Even worse, Obama’s response to several widely publicized incidents also exacerbated racial tensions. On July 16, 2009, black intellectual Henry Louis Gates found himself locked out of his Massachusetts home and began trying to force his way in. An officer arrived to investigate a possible break-in; Gates began berating him and was arrested for disorderly conduct. Obama claimed that the police “acted stupidly” and noted the “long history in this country of African-Americans and Latinos being stopped by police disproportionately,” although there was no indication of racial bias in the case. He invited Gates and the police officer to the White House for a “beer summit,” which the media hailed as a manifestation of his determination to heal racial divisions, when in fact it was just the opposite: he was taking a case of misunderstanding and disorderly conduct and portraying it as a racial incident requiring presidential reconciliation.

Obama also made matters worse yet again when a young Hispanic, George Zimmerman, on February 26, 2012, shot dead a young black man, Trayvon Martin, in what was widely reported as a racial hate crime. NBC edited a recording of Zimmerman’s call to the police to give the false impression that Zimmerman was suspicious of Martin solely because he was black. Instead of trying to calm the situation, Obama stoked the idea that Zimmerman acted out of racial hatred and said, “If I had a son, he’d look like Trayvon.” Yet Zimmerman was acquitted of murder and the Justice Department declined to prosecute him for a hate crime.

Obama made a similar rush to judgment in the case of Ahmed Mohamed, a Muslim high school student who was arrested in September 2015 after bringing what appeared to be a suitcase bomb to his Texas high school. Mohamed claimed it was a homemade clock and that he was a victim of “Islamophobic” bigotry. Obama invited him to the White House, making the boy a symbol of the nation’s “Islamophobia” and the need to overcome it. Mohamed’s father filed a lawsuit against the school district, which was dismissed when he failed to establish that the school had engaged in any prejudice or discrimination.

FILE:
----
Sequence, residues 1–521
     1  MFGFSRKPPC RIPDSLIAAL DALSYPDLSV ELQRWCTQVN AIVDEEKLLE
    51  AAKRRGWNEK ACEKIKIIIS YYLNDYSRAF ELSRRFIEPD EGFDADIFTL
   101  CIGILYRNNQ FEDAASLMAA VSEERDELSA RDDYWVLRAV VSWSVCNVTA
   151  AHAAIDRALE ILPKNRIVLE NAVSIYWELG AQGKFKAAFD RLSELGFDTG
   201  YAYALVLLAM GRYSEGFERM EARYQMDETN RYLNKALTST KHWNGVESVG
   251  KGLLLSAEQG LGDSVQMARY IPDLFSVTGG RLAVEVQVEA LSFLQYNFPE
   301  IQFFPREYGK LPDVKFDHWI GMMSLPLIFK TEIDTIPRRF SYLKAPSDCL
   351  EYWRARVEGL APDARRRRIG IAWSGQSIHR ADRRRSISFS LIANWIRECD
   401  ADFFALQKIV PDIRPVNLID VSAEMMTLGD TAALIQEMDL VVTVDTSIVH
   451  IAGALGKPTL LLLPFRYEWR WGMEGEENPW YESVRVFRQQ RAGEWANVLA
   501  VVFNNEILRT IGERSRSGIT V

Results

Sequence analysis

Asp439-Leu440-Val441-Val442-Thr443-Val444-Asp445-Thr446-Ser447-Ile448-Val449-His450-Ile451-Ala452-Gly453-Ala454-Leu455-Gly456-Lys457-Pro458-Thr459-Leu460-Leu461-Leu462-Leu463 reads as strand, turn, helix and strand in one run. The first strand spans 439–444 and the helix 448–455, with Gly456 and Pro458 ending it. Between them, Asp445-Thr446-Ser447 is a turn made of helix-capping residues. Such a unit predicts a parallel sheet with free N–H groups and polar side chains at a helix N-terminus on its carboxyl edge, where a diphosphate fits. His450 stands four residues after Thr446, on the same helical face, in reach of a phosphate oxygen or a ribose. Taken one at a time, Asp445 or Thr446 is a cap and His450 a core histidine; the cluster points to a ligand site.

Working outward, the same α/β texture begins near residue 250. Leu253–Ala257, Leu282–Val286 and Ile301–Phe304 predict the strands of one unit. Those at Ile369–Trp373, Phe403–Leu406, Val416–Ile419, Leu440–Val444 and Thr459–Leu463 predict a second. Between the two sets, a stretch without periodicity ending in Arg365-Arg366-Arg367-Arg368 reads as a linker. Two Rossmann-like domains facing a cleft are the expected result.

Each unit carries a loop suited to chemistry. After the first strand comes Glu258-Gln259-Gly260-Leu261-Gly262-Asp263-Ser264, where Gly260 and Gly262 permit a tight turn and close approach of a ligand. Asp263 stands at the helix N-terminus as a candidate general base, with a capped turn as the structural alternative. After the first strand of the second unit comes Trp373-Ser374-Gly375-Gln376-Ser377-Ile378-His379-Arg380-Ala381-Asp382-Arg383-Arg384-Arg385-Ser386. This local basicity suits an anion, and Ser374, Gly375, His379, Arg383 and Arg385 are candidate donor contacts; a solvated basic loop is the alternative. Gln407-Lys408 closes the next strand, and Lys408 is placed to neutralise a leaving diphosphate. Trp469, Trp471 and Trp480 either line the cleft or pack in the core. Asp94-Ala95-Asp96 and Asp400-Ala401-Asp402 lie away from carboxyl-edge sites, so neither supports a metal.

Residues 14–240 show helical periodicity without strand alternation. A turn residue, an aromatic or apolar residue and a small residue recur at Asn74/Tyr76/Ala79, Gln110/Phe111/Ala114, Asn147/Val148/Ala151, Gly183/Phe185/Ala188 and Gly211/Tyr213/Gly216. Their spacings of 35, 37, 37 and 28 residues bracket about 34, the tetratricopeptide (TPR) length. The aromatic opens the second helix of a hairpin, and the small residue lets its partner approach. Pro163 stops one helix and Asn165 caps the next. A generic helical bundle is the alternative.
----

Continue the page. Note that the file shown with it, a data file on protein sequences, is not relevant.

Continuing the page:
In line with all this, shortly after taking office, Obama embarked upon two world tours that critics quickly dubbed the “apology tours,” as at every stop the President of the United States had some negative words for the country he governed. He had little to say about America being the most generous, and most free, nation on earth.

As Rating America’s Presidents shows, Obama did nothing to heal America’s racial divisions, and a great deal to make them worse. Bob Woodward is claiming that Trump called Obama “overrated.” That’s a generous assessment.

Robert Spencer is the director of Jihad Watch and a Shillman Fellow at the David Horowitz Freedom Center. He is author of 19 books, including the New York Times bestsellers The Politically Incorrect Guide to Islam (and the Crusades) and The Truth About Muhammad. His latest book is The Palestinian Delusion: The Catastrophic History of the Middle East Peace Process. Follow him on Twitter here. Like him on Facebook here.

Image: David Wagner